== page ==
On visits to Cedar Campus when our son was young “Rusty” would talk with our son about what he was reading, really just two friends talking about the books they loved. When he was older, Gladys was working with good friend Barbara Hampton on revising a book that was subsequently titled Honey for a Teen’s HeartThey asked him to contribute his own ideas of good books and his name even appears in the acknowledgements!

On this fifth anniversary of Gladys Hunt’s passing, it seemed a good time to express my profound appreciation for the love of reading aloud as a family that she imparted to so many of us. We still read aloud at times to each other on trips. Just last night my son dropped by and part of the conversation was on books we were reading. Reading aloud when our son was growing up didn’t simply save him from illiteracy. It provided a rich wealth of shared memories of family closeness and good books enjoyed together.

Thank you, Gladys Hunt!

The Month in Reviews: June 2015

Hands down, I think I read some of the best books I’ve read in 2015 during June. From a Pulitzer Prize winner that lived up to its reputation to a David McCullough biography of two heroes from my own state to a classic of environmental writing to a significant book on spiritual friendship, I read some great books! In addition, I just finished a book on leisure and spirituality and an older book on the academic vocation that is still quite relevant in upholding the worth of teaching. So with that preview, here’s the list (all links are to the full reviews on this blog):

Preaching with AccuracyLet Creation Rejoice1. Preaching with AccuracyRandal E. Pelton. This book contends that to preach with accuracy, one needs to find the big idea in the text, but not only that, to understand that idea in the context of the book, and ultimately all of scripture, which means connecting it to the person and work of Christ.

2. Let Creation RejoiceJonathan Moo and Robert S. White. A scientist and a theologian get together to assess both environmental trends and biblical teaching and contend that there are reasons for serious concern, concerted action, and because of the gospel, for hope.

Spiritual FriendshipAll the Light We Cannot See3. All the Light We Cannot SeeAnthony Doerr. Two teenagers, a blind French girl, Marie-Laure, and a German orphan, Werner Pfennig, with a gift for radio electronics, are brought together at the end of World War 2 through underground radio broadcasts by her great-uncle of recordings by her grandfather while a dying German Sergeant Major seeks a treasure in the girl’s possession. This won this year’s Pulitzer Prize for fiction.

4. Spiritual FriendshipWesley Hill. This is an exploration of the place of friendship in the life of the Christian, particularly its importance for those who chose, either because of sexual orientation, or other reasons to live celibate, chaste lives.

Silent SpringGrassroots5. Silent SpringRachel Carson. This classic of environmental writing made the case that pesticides were rendering harm to just about everything in the American landscape, including human beings, except for the pests targeted by these chemical poisons.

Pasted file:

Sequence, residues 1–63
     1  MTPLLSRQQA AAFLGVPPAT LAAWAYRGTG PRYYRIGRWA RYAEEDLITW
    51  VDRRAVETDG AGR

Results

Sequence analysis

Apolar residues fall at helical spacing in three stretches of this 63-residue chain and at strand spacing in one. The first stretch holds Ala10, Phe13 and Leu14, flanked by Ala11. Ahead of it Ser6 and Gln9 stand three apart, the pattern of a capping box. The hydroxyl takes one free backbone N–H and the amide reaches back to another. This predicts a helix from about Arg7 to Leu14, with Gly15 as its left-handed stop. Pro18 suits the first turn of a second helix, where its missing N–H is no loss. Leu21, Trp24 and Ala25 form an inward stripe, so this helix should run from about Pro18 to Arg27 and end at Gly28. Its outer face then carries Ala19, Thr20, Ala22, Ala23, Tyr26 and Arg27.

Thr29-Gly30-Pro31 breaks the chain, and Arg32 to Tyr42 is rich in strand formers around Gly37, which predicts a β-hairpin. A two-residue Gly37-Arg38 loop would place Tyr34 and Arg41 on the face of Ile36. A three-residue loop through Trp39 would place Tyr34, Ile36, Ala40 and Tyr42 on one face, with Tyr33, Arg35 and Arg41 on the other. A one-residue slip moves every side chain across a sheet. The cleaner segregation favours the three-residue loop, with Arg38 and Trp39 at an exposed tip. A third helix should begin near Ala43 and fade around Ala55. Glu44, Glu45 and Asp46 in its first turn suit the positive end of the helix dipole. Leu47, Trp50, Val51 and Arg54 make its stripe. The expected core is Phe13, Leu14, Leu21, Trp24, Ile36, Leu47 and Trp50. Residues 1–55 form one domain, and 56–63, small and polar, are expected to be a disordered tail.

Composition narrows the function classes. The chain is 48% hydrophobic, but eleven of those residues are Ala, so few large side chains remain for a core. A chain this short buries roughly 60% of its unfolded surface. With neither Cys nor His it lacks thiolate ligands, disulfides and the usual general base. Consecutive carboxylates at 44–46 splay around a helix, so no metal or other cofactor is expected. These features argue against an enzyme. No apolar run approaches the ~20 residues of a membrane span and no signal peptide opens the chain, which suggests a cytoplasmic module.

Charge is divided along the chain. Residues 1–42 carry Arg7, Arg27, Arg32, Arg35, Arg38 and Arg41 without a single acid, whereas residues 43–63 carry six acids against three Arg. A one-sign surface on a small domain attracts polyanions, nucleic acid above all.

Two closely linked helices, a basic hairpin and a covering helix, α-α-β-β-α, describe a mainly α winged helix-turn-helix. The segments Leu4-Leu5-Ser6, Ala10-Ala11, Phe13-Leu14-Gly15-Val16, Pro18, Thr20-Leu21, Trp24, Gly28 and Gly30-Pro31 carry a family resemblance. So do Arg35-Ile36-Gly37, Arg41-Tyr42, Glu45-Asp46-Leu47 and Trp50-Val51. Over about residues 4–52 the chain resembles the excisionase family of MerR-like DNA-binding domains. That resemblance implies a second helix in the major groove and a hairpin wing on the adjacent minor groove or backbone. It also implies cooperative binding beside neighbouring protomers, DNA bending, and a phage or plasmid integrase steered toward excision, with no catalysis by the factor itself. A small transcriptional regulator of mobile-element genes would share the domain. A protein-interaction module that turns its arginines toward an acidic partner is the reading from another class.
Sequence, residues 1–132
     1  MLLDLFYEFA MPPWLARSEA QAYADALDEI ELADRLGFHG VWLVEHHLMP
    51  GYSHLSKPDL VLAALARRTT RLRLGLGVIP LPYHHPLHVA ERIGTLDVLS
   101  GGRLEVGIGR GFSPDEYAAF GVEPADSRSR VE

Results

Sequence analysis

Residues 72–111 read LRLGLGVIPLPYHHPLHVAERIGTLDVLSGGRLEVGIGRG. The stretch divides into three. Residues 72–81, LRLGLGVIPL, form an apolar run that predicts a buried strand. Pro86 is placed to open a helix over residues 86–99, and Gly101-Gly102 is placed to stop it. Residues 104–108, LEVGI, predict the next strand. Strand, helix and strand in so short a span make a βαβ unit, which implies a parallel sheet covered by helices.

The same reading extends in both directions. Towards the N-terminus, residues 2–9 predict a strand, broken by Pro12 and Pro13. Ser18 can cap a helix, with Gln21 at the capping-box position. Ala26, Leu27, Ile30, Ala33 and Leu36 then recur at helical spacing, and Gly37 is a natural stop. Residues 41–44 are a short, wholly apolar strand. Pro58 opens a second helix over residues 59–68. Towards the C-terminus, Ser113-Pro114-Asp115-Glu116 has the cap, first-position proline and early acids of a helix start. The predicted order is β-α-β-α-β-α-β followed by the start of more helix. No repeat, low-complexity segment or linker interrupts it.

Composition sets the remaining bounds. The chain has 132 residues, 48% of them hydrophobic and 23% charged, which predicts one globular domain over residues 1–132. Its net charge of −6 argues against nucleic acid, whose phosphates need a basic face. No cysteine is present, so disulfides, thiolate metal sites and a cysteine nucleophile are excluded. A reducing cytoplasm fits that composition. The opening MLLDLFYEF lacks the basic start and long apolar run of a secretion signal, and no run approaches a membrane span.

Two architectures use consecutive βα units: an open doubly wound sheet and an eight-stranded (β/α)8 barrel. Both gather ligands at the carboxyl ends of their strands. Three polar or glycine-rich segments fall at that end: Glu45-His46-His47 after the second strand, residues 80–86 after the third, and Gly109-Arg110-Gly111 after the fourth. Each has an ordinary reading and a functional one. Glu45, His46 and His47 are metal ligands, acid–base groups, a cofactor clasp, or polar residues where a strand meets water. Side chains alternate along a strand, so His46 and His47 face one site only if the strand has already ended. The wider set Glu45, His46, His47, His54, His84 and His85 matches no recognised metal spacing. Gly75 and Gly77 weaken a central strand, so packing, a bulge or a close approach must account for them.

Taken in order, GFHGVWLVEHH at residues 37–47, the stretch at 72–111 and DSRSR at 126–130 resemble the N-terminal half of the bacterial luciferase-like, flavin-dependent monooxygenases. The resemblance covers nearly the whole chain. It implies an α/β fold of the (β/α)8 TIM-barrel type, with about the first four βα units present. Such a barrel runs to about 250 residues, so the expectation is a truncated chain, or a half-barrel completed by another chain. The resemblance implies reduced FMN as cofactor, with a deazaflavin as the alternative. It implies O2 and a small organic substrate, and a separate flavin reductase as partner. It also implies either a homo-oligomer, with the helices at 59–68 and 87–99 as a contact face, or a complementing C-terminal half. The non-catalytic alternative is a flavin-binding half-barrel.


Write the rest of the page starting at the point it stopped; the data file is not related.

6. Grassroots Asian Theology, Simon Chan. In contrast to the growing list of “contextual” Asian theologies out of academic “elitist” settings, Chan explores the Asian theologies implicit in the popular church movements and writers in the Asian context, and particularly the significance of Pentecostal theology.

Words of LifeThe Wright Brothers7. The Wright Brothers, David McCullough. The author traces the Wright brothers successful efforts to develop the first powered aircraft to successfully, fly from their home town bicycle shop in Dayton, to their trials at Kitty Hawk, to their global success. The book also highlights the importance of their sister Katherine throughout their efforts.

8. Words of LifeTimothy Ward. A Reformed treatment of the doctrine of scripture that begins from a study of scripture’s teaching about itself, moves to a Trinitarian theology of scripture and finally explores the classical affirmations about scripture. Another significant aspect of this book is its incorporation of “speech-act” theory which Ward uses to delineate the relationship of God and the Bible.

ExilesPrivate Doubt, Public Dilemma9. Exiles From Eden, Mark R. Schwehn. Chronicles a shift in the academic vocation from one of formation of the mind and character of students to one of making knowledge, reflecting a change from religiously shaped values to a valuing of formal and procedural rationality, and from an integral sense of self to a multiplicity of “selves.”

10. Private Doubt, Public DilemmaKeith Thomson. This book, drawn from Thomson’s 2012 Terry Lectures, explores the conflict between religion and science through a look at two men who struggled with this conflict, Thomas Jefferson, and Charles Darwin, considering how they handled scientific findings that conflicted with their beliefs and the public aftermath and expresses hope for a different engagement in the future.

Leisure and Spirituality11. Leisure and SpiritualityPaul Heintzman. An exploration of the connection between leisure and spirituality from a Christian perspective, considering contemporary and classical concepts of leisure, the perspective on leisure we may gain from the Bible, and the author’s own synthesis and critique of leisure concepts, biblical material and contemporary research.

Best of the Month: I had several choices but will say Anthony Doerr’s All the Light We Can See. In my review I wrote, “Doerr is a master painter with words, with all the strokes falling just as they should.”

Quote of the Month:  The Buckeye in me can’t resist this one from The Wright Brothers by David McCullough: